Photoshop Elements: How To Remove Unwanted Object ex. Zit or Ex
Often times we fall in love with our photos, but there is a part of the photo that keeps our good photo from becoming an excellent photo. Something snuck its way into the lens. Maybe it's a little bit of someone's elbow, or a zit, or maybe even an outlet on your wall that detracts from the overall value of the photograph. In the example above, it is this sign. I looked at this picture and I thought, what beauty. If only that sign wasn't there. Oh wait, I can do something about it, and well I did using PhotoShop Element's clone stamp.
PhotoShop Element is a great tool, that does not cost a lot of money, but gives great capabilities such as deleting unwanted items in a photo, as well as just spicing up a photo giving it a more professional quality. In this case we are going to use the clone stamp.
Starting the Fun!
If you look to the right, you will see my before and after shots. The first one is what it looked like, fresh out of the camera, whereas the second one has been tweaked only using Photo Shop Elements. I have a blown up version at the bottom, so you can see them closer up further down on the screen. You will see that I did more than just edit the sign out. I enhanced color, brightened the photo, added contrast, and basically put it through the works with just a few easy steps. This whole process took me less than five minutes.
Here I will walk you through each step as I did it. If you need further clarification please feel free to ask me. If you haven't had the luxury of working with Photo Shop, I strongly recommend it. Here is a prime example why. It turned what I felt was a good photo that my husband could be proud of (yes, he took that photo), to a shot that is amazingly beautiful, showing nature in all its glory.
Step One: Do Quick Editing
The first thing I always do with any photo is pull up the Quick Edit screen. You can get there, by going to the right hand side of Photo Shop Elements and click on Edit and the Quick button. You can see what it looks like to the right here.
From there, I will click on auto for each section. If I like the changes, I keep it, if I don't, I either adjust the bar myself or undo the action. Usually I like, smart fix, lighting levels, and lighting contrast. I'm not usually thrilled with the color changes, although it is a good starting ground. I also usually do sharpen at the end of the project, although I skipped that step in this project.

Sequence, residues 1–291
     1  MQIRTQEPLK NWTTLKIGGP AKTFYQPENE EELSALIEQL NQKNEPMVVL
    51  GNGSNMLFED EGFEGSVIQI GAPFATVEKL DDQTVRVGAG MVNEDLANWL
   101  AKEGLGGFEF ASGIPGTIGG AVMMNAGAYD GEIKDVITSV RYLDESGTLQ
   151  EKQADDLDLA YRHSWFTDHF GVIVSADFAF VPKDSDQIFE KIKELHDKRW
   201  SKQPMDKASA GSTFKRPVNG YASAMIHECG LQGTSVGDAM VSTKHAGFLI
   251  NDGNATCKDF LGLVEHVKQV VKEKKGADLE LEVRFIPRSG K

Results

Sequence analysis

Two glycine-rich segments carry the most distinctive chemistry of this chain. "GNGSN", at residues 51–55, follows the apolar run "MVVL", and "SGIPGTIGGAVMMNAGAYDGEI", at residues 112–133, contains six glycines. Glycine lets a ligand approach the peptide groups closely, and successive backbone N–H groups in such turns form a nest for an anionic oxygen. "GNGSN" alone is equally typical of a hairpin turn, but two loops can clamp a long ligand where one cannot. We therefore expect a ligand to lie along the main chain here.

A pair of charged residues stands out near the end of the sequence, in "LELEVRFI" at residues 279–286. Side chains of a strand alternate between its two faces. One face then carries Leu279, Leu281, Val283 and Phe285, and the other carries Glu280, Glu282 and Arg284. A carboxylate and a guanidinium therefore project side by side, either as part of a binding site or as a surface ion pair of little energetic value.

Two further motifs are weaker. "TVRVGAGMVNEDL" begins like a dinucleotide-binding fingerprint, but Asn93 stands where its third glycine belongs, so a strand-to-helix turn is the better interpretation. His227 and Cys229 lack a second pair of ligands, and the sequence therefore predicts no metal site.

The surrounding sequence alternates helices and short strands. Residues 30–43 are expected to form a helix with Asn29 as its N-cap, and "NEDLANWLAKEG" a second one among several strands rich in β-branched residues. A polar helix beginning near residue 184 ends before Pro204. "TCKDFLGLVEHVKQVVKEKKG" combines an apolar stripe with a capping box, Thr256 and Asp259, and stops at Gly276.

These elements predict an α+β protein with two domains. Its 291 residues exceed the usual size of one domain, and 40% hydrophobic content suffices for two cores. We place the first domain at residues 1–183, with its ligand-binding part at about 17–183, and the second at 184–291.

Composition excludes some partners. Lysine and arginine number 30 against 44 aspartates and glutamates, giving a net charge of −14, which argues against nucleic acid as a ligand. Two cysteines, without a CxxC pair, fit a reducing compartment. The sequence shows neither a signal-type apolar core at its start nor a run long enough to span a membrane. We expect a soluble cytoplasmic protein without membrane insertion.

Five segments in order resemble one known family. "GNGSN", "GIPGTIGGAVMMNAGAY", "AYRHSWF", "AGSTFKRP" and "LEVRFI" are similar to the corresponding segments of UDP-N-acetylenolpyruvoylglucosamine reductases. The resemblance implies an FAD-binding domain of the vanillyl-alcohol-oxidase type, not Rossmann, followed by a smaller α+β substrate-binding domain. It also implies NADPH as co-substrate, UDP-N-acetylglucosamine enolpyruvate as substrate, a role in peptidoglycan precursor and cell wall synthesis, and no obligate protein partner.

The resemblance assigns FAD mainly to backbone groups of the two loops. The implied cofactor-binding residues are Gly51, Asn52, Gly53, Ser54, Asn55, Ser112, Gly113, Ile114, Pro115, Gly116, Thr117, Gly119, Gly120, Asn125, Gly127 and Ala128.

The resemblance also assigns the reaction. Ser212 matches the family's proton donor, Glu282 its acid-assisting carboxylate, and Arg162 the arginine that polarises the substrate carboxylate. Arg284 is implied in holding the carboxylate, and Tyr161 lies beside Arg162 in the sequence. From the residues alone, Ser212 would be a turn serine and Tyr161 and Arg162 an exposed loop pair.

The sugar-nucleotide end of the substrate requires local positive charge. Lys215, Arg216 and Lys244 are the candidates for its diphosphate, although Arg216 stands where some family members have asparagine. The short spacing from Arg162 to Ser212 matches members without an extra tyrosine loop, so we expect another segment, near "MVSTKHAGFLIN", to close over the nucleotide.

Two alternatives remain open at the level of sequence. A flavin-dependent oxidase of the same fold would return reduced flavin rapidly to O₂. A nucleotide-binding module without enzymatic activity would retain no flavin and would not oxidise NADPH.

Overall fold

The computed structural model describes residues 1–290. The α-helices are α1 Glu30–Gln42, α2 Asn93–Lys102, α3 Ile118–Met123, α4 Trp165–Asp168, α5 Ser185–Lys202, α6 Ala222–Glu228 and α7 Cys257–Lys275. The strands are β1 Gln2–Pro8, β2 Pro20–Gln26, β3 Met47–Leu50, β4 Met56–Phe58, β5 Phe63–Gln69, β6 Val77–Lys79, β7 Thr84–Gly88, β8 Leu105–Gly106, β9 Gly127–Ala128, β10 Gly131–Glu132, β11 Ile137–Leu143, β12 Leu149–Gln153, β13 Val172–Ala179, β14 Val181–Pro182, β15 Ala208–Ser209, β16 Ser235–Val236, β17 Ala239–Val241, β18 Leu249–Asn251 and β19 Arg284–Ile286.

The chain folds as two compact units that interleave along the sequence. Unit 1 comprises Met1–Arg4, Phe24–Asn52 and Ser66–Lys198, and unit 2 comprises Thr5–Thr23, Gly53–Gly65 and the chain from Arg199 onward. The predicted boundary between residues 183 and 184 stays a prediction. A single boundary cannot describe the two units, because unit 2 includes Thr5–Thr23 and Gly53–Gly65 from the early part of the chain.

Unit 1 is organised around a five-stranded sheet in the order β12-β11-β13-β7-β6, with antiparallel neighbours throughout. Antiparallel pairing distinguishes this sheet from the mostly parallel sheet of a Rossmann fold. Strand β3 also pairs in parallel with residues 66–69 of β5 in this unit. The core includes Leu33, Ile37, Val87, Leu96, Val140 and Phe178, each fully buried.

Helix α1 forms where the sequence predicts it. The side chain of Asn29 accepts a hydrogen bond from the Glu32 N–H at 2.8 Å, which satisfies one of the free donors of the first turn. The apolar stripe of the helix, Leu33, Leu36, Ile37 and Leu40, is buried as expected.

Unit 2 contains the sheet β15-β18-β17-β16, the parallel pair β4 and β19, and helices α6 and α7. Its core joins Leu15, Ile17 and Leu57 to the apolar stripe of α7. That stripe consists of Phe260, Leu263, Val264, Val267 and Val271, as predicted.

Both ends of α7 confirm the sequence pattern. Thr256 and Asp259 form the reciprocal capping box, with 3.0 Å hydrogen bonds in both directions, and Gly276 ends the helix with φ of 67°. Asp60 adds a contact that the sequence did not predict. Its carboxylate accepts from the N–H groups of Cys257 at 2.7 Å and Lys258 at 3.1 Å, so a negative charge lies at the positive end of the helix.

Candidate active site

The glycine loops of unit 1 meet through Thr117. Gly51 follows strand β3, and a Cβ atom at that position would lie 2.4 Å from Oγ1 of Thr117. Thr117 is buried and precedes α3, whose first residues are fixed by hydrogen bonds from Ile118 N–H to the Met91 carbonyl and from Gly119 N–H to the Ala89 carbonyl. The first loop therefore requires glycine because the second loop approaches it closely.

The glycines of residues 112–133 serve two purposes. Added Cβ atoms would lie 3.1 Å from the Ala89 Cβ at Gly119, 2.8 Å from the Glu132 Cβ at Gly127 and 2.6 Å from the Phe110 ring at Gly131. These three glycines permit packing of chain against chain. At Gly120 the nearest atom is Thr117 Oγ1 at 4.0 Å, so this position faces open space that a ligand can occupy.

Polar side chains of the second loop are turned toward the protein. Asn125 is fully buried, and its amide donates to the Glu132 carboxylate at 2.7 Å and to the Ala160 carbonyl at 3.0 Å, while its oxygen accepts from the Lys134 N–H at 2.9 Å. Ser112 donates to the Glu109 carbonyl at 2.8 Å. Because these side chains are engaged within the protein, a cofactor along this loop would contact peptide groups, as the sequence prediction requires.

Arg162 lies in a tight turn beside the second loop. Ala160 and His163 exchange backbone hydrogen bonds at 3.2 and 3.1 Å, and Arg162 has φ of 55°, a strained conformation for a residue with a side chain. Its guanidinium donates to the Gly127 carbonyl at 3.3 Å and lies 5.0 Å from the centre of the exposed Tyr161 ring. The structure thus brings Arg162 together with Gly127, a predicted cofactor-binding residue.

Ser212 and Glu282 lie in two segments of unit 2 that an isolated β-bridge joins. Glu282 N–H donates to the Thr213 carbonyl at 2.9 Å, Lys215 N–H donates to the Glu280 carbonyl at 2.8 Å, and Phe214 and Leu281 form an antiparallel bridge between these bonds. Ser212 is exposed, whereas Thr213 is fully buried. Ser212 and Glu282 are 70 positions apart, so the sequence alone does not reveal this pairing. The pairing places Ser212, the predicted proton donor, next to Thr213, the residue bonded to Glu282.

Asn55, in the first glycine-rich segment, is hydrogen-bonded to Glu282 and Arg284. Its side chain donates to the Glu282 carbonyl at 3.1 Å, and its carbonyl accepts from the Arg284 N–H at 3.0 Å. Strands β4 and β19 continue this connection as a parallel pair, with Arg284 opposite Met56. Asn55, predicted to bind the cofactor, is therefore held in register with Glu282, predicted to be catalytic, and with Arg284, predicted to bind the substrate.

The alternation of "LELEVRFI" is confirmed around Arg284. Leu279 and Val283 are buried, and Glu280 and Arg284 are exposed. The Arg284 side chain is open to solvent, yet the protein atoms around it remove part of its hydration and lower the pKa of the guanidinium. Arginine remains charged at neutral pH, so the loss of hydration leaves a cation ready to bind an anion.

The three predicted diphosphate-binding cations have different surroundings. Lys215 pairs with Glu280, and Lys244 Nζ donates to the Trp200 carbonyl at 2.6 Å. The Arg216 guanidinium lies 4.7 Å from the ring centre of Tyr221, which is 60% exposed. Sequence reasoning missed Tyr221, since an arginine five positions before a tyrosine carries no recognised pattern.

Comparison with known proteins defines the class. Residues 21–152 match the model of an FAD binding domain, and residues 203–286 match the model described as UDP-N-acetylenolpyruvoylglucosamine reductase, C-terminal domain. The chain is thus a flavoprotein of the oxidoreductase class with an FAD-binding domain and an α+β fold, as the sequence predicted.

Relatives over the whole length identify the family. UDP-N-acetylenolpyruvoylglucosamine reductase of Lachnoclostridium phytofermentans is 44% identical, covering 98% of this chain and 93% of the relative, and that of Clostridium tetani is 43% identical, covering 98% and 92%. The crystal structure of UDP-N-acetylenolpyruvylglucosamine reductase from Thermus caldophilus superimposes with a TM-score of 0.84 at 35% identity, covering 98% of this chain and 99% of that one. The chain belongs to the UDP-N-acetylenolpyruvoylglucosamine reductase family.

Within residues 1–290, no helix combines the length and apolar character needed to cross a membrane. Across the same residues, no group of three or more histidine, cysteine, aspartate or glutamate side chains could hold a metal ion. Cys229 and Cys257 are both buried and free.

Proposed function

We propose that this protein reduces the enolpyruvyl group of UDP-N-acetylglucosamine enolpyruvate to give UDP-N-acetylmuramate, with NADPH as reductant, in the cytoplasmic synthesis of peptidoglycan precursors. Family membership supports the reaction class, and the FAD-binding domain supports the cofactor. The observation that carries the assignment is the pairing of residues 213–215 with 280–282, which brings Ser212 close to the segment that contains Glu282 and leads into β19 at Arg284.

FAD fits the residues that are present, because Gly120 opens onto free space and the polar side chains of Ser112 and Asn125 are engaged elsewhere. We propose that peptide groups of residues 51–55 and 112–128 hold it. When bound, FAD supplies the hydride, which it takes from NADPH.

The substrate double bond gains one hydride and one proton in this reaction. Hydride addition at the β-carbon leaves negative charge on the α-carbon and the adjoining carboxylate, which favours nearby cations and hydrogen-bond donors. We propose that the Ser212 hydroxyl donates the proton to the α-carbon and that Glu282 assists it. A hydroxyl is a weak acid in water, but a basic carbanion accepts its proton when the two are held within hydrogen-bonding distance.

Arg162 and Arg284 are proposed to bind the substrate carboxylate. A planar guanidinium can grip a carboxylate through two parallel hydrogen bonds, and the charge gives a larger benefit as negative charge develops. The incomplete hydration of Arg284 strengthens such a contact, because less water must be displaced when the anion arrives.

Once I do the Quick Edit, I click back on full, and begin the artistic work, which makes Photo Shop Elements so fun!
Step Two: Click on Clone Stamp
With this project, I wanted to get rid of that sign, and I knew the best way to do that would be by using the clone stamper. It will be located on the left hand side of your screen and looks like a hand stamp.
Select Starting Point
Step Three: Press ALT and Select Your Starting Point
One you press it, you need to take a look at what you want that section to look at. I had a couple choices, I could have gone with a more vacant appearance, or I could have filled out the tree more. I decided I wanted to expand the appearance of the tree; therefore, after clicking on the clone stamp, I took my mouse and pressed ALT then clicked a section of the tree that was about two inches away from the sign in the tree. By pressing ALT it tells the computer this is what I want my starting point to look like.
Keep in mind that when you guide your cursor down, it will clone right under what you select. For instance if you were to do this particular section, you would want to avoid clicking right above the sign, because then you would be merely moving the sign down once you started cloning the rest of the area. Nor would you want to click on a section too close to the left of the sign, because again you would moving the sign just directionally. I figure you want to click about as far away from your object as the object you want to make disappear.
Use Clone Button
Step Four: Clone
Once you have selected what you want that area to look like, release the alt button and just plain click on the object itself. Then just scroll over this area and let your cursor do the painting. This part is tricky, because you may have to go back to step three if you are not pleased at the original look. I know with this one, I had to ALT select three different times.
If you spend enough time on it, you can actually make a complete flawless transition. Personally, I feel I did not do a perfect job on this tree, for there is a "blurry spot" on the picture. Although if someone did not know that I had taken a figure out of that spot, they may have dismissed that blurry spot as mere movement of the branches.
Step Five: Finish Up
Once I got the tree to look to a point that I was pleased, I then decided to finish the project. If you are happy with your photo at this time, then just save it and print. Some people always will go back to sharpen this picture in quick mode.
On this photo I chose to enhance the color even more than just in quick mode. I ended up choosing to make a high contrast on this photo through the full menu, which I did by using the smart brush tool on the left hand toolbar, which is placed next to the pencil. I then used the drop down menu clicked on high contrast. I flattened the image and then used the smart brush tool again, but this time decided to use Cloud contrast. I actually highlighted the whole picture, because I knew it would lighten the picture as well. Although in some cases I would only highlight the sky.
Once I was done I saved and showed it off to my husband. He approved of the changes I made to his photo, so we were both pleased.
Before and After
More Ways You Can Use the Clone Tool
© 2010 Angela Michelle Schultz